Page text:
By Mortimer B. Zuckerman, www.USNews.com

After Israel was recognized as a new state in 1948, it was immediately attacked by the combined armies of Egypt, Jordan, Syria, Lebanon, Saudi Arabia, and Iraq. The attacks were repelled, but the Jordanians, who were asked not to join the Egyptian war effort, conquered East Jerusalem and separated it from its western half. In 1967, the Arab armies again sought to destroy Israel, but Israel prevailed in the famous Six-Day War and reconquered East Jerusalem, the West Bank, the Sinai Peninsula, and the Gaza Strip.

East Jerusalem, a growing community, was expanded on rock-strewn land that had been in the public domain for the last 43 years. But Palestinian leaders laid claim to East Jerusalem, including the Jewish Quarter and the Western Wall, the holiest sites in Judaism, and which the Arabs had failed to protect while controlling it. When he gave his speech in Cairo, President Obama looked to when “Jerusalem is a secure and lasting home for Jews and Christians and Muslims.” Did he not realize it is only under Israeli rule since 1967 that all adherents of all religions represented in Jerusalem have been able to worship freely and access their religious sites?

Under Jordanian rule, from 1948 to 1967, dozens of synagogues were destroyed or vandalized, and the ancient Jewish cemetery on the Mount of Olives was desecrated, its tombstones used for the construction of roads and Jordanian army latrines. The rights of Christians as well as Jews were abused, with some churches converted into mosques. In other cases, mosques were built next to churches and synagogues just so their minarets could rise above them.

When Israel captured the eastern part of Jerusalem in the Six-Day War of 1967, it kept building for its residents. So did the Palestinian Arabs who continue to build in Jerusalem (incidentally, there is more new Arab housing being built than Jewish housing).

But Israel’s claim for sovereignty over the whole, undivided city of Jerusalem does not spring from conquest in 1948 or 1967. Rather, it signifies the revival of historic rights and claims that predate the arrival of any Arabs to the region, and stems from biblical times.

Jerusalem is not just another piece of territory on a political chessboard. It is integral to the identity and faith of Israel. The city was founded by King David some 3,500 years ago. Since then, Jews have lived there, worked there, and prayed there. It has been more than a political capital; it has been their spiritual beacon. During the First and Second Temple periods, Jews from across the kingdom would travel to Jerusalem three times a year for the Jewish holy days of Sukkot, Passover, and Shavuot, until the Roman Empire destroyed the Second Temple in 70 A.D.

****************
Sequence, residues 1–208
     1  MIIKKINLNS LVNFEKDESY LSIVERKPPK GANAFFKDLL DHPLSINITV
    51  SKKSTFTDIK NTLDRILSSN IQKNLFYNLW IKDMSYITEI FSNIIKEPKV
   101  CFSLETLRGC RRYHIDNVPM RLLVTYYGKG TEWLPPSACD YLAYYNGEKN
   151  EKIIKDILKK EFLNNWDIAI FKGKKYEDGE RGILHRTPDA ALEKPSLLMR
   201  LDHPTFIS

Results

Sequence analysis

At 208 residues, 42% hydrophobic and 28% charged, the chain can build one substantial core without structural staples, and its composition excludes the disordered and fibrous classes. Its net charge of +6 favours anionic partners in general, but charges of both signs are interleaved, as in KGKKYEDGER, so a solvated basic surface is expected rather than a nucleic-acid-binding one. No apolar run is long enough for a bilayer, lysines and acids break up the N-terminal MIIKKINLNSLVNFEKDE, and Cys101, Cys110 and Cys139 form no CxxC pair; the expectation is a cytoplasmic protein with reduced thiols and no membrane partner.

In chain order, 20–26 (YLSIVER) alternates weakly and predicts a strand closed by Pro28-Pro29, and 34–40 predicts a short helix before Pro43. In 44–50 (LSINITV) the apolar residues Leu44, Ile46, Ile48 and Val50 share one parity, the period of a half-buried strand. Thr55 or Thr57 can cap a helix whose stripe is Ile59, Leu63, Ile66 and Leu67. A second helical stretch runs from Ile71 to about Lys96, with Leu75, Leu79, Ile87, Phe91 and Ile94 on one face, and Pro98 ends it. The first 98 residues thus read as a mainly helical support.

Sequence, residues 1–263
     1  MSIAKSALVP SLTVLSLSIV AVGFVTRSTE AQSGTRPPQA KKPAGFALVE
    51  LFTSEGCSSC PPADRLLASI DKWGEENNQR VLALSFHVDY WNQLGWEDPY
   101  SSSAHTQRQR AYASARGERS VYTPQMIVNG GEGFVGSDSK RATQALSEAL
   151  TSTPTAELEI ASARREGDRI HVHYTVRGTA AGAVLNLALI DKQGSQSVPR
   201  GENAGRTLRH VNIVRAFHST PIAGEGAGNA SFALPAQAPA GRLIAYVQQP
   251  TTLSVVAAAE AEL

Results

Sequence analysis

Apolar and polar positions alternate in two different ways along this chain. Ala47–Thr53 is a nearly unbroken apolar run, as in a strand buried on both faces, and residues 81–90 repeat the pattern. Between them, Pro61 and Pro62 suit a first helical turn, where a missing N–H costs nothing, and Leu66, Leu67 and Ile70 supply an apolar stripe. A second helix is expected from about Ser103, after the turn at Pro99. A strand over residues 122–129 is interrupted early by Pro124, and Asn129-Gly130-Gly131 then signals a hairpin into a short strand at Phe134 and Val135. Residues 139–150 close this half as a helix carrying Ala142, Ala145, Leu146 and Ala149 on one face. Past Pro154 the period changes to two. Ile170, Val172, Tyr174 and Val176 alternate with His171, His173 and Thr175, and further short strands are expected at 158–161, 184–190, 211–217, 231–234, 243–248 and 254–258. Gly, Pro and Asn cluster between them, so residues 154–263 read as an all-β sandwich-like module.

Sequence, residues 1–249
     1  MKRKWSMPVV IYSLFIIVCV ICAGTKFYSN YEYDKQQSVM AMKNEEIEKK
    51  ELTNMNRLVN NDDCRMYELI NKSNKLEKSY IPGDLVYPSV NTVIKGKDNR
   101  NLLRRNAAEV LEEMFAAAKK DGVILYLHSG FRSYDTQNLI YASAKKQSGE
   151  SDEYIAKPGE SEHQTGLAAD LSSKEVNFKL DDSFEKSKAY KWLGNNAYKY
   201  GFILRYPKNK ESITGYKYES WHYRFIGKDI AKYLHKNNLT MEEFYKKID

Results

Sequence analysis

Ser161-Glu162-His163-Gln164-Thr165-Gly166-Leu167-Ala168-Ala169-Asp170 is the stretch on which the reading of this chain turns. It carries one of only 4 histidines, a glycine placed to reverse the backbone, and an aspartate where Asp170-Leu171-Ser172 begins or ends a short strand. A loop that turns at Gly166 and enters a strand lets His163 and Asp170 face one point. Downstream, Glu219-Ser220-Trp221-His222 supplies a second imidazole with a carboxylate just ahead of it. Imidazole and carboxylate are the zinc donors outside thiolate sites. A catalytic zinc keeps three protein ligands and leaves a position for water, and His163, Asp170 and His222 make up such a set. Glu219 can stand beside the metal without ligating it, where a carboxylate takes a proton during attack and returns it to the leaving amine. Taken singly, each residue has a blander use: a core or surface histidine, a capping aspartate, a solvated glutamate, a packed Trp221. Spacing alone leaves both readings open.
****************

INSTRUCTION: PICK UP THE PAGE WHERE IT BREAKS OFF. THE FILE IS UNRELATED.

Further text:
That ended Jewish sovereignty over Jerusalem for the next 2,000 years. But the Jews never relinquished their bond. Jews in prayer always turned toward Jerusalem. The Arks–the sacred chests that hold the Torah’s scrolls in synagogues throughout the world–face Jerusalem. Each year, the Jews during Passover say, “Next year, in Jerusalem.” These same words are pronounced at the end of Yom Kippur. Jewish wedding ceremonies are marked by sorrow over the loss of Jerusalem. The groom cites a biblical verse, “If I forget thee, O Jerusalem, let my right hand forget her cunning” (ref?) and breaks a glass signifying the destruction of the Temple in Jerusalem.

Jerusalem is much less embedded in the Muslim culture. When Muslims pray, they face Mecca, not Jerusalem. The Old Testament mentions Jerusalem, or its alternative name Zion, a total of 457 times. The Koran does not mention Jerusalem once. Mohammed, who founded Islam in 622 A.D., was born and raised in what is now Saudi Arabia; he never set foot in Jerusalem. The religious connection to the city took root decades after his death—and after the Muslim conquest of the then largely Christian city—when the Dome of the Rock shrine and the Al Aksa mosque were built in 688 A.D. and 691 A.D. to proclaim Islam’s supremacy over Christianity and its most important shrine, the Church of the Holy Sepulchre. It is of note, too, that Mohammed died in 632 A.D., nearly 50 years before the Al Aksa mosque was completed. This is why Jerusalem never replaced the importance of Mecca in the world of Islam. Indeed, in the 1,300 years that various Islamic dynasties ruled Jerusalem, not one Islamic dynasty ever made the city its capital.